- South African football coach Desiree Ellis has revealed that she tested positive for Covid-19
- The sports personality wanted to use her diagnosis to raise awareness about the reality of the pandemic
- She encouraged South Africans to keep practising the safety measures that have been implemented by government
Retired South African women's footballer and current coach of the South Africa women's national football team, Desiree Ellis has opened up about testing positive for Covid-19. Taking to social media, Ellis shared that the reason she has been quiet was because she was not well.
"I have not been very active on social media recently but feel I have an obligation to share this with you. These past few weeks have been very difficult for us as a family. I have tried to be cautious by wearing my mask, sanitizing and/or washing my hands and social distancing but yet I tested positive for Covid-19 along with a few family members."
The coach also shared that she has since recovered from the virus by the grace of God and by following medical advice. Ellis felt that she was now in a better position to raise awareness about the virus.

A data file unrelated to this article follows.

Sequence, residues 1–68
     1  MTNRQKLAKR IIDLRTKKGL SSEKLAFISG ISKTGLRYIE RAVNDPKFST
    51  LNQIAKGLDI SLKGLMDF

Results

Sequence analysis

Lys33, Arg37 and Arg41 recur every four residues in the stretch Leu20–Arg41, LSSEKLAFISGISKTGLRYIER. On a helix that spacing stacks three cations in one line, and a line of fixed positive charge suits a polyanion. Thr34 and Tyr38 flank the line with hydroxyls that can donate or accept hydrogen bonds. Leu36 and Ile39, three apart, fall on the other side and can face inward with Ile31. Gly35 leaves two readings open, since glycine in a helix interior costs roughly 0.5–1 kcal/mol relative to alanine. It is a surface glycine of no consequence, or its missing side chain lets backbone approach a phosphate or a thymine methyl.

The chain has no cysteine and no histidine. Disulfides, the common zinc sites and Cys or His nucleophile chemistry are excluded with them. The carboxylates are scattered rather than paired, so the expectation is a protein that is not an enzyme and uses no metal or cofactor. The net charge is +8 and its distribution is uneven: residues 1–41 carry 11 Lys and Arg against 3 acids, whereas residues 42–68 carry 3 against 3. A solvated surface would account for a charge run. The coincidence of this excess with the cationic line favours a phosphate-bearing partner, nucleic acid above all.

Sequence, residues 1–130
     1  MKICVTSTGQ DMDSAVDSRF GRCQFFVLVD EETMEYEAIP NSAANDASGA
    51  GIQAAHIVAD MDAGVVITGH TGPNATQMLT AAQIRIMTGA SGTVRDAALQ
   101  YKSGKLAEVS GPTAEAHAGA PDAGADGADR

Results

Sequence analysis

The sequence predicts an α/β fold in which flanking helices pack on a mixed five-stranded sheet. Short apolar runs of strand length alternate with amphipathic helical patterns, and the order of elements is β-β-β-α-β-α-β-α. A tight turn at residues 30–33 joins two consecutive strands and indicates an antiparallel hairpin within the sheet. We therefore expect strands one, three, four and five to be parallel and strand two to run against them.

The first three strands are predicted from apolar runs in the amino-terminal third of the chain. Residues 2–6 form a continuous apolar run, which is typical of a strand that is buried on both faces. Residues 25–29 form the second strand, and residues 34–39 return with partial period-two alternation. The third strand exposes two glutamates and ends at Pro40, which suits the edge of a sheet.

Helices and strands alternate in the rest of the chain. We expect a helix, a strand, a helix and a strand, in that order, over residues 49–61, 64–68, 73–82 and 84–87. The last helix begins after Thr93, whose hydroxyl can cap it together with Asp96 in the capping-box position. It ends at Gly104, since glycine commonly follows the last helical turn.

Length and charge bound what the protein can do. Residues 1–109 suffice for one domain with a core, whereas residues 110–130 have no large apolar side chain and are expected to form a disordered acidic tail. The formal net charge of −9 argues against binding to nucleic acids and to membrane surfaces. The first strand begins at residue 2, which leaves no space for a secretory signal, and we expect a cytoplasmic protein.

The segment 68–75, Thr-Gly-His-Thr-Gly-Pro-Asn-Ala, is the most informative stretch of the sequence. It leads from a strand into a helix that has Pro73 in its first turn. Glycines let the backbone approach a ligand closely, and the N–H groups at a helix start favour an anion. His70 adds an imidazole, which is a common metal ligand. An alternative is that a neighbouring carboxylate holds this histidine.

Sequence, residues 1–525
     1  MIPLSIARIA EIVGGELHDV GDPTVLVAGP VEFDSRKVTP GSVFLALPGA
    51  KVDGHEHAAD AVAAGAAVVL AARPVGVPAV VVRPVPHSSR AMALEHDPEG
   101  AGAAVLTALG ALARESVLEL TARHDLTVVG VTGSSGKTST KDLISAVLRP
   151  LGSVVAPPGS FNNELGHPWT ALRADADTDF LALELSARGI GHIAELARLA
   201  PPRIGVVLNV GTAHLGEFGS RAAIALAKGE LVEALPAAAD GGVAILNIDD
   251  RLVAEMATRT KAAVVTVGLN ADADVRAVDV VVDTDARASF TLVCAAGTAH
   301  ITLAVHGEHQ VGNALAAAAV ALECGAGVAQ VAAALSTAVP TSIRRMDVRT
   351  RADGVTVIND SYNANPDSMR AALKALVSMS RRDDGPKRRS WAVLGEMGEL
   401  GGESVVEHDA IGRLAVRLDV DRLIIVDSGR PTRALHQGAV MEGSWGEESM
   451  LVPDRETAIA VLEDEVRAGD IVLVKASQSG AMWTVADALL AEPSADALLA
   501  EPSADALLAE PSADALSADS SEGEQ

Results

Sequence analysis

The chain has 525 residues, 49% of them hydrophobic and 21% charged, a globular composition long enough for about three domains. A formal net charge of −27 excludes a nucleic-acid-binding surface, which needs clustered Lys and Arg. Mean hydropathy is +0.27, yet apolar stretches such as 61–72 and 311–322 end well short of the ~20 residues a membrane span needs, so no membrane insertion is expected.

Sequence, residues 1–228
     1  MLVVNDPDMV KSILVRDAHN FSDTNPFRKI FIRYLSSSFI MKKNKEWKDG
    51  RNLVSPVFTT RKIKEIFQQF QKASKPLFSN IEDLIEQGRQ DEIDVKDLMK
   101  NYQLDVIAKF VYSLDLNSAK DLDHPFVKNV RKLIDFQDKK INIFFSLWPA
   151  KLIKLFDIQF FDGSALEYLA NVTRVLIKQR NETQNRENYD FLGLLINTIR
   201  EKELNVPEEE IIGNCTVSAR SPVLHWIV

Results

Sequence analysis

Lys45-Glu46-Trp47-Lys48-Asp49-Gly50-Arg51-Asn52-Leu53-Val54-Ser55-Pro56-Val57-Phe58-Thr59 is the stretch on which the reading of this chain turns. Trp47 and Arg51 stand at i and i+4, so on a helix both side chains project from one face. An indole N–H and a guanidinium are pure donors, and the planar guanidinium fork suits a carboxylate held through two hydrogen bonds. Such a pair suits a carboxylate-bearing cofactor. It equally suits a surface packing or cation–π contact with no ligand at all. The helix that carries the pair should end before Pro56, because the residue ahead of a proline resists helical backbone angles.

"Some of our fellow South Africans and some in other countries have lost their family and friends, some have lost jobs, some their homes and some are not in good health any more.
"I really urge you to make sure that we individually and collectively play out part as part of a team to make sure we stop the spread."
She went on to say that it was our responsibility to look after each other.
"So I urge/plead with everyone to remember the basics and let's practice the health protocols to the maximum."
Meanwhile, Briefly.co.za previously reported that a Durban hospital facing overcrowding with Covid-19 patients and high rates of absenteeism by staff members is being looked into.
This comes after pictures of patients lying on the floor and a film of a woman crying for help was shared online. In the clip, the woman can be heard begging for help also stating that she was experiencing difficulties breathing.
Other patients are also sleeping in chairs and left unattended while no help comes for them.
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